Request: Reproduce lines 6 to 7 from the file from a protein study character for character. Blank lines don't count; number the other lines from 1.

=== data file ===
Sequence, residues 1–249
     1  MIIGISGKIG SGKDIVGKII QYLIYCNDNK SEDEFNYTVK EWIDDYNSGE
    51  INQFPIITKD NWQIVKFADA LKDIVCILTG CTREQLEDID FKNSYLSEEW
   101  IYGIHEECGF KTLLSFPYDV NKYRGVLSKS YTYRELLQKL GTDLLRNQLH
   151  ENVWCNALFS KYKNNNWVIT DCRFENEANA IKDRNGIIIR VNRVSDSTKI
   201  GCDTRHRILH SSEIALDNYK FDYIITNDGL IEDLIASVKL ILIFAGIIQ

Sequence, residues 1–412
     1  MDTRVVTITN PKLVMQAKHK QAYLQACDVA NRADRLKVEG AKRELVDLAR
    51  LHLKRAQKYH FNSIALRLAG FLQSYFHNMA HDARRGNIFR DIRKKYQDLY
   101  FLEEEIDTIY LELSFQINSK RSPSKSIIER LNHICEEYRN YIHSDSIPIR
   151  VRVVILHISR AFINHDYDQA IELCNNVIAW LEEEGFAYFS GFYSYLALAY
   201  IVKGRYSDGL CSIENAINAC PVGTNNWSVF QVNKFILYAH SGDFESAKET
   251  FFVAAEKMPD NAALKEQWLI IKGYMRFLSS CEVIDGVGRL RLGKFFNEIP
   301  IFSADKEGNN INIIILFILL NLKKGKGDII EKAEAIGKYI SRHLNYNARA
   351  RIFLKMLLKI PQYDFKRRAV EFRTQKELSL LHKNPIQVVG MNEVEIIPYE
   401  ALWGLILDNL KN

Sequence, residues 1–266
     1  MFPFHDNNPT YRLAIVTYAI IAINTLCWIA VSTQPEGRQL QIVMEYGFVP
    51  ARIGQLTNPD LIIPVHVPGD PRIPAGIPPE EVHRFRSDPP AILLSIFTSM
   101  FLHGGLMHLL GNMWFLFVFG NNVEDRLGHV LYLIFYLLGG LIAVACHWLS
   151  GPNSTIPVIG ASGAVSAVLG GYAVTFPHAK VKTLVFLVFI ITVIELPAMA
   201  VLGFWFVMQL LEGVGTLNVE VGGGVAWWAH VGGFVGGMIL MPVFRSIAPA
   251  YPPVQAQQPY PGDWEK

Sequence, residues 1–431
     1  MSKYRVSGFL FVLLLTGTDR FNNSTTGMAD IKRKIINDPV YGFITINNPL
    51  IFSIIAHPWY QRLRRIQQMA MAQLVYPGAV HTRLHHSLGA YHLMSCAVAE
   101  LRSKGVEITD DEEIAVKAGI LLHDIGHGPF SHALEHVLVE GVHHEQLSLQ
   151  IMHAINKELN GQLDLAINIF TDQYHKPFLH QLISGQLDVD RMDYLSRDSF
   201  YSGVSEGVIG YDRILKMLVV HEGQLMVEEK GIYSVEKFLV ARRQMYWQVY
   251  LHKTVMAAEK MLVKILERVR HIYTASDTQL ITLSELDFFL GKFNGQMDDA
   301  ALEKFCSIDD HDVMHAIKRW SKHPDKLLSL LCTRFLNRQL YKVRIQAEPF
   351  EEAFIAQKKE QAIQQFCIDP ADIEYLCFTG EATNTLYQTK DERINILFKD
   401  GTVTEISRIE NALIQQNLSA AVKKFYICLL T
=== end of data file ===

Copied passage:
   201  GCDTRHRILH SSEIALDNYK FDYIITNDGL IEDLIASVKL ILIFAGIIQ

Sequence, residues 1–412